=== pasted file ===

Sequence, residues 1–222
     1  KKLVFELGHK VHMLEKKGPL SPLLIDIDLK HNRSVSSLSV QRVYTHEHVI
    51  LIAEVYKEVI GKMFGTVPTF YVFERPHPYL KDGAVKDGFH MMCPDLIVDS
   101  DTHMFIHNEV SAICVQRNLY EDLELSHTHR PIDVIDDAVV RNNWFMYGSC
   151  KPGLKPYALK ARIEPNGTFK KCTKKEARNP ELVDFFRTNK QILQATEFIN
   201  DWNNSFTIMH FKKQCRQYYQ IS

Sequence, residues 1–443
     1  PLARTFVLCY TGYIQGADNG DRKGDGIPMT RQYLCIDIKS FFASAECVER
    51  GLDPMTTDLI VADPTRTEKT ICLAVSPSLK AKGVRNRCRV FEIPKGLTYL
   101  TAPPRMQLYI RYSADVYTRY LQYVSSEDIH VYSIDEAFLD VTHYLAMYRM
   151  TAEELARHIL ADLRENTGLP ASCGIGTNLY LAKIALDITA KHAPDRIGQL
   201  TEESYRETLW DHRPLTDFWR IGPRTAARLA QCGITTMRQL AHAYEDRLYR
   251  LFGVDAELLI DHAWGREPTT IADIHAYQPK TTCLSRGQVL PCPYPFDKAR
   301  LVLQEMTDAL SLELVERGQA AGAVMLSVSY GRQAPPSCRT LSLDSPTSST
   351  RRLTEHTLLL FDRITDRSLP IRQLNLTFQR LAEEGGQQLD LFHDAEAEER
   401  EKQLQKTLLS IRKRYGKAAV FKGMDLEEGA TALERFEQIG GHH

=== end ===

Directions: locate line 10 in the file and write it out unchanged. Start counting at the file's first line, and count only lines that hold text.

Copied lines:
   101  TAPPRMQLYI RYSADVYTRY LQYVSSEDIH VYSIDEAFLD VTHYLAMYRM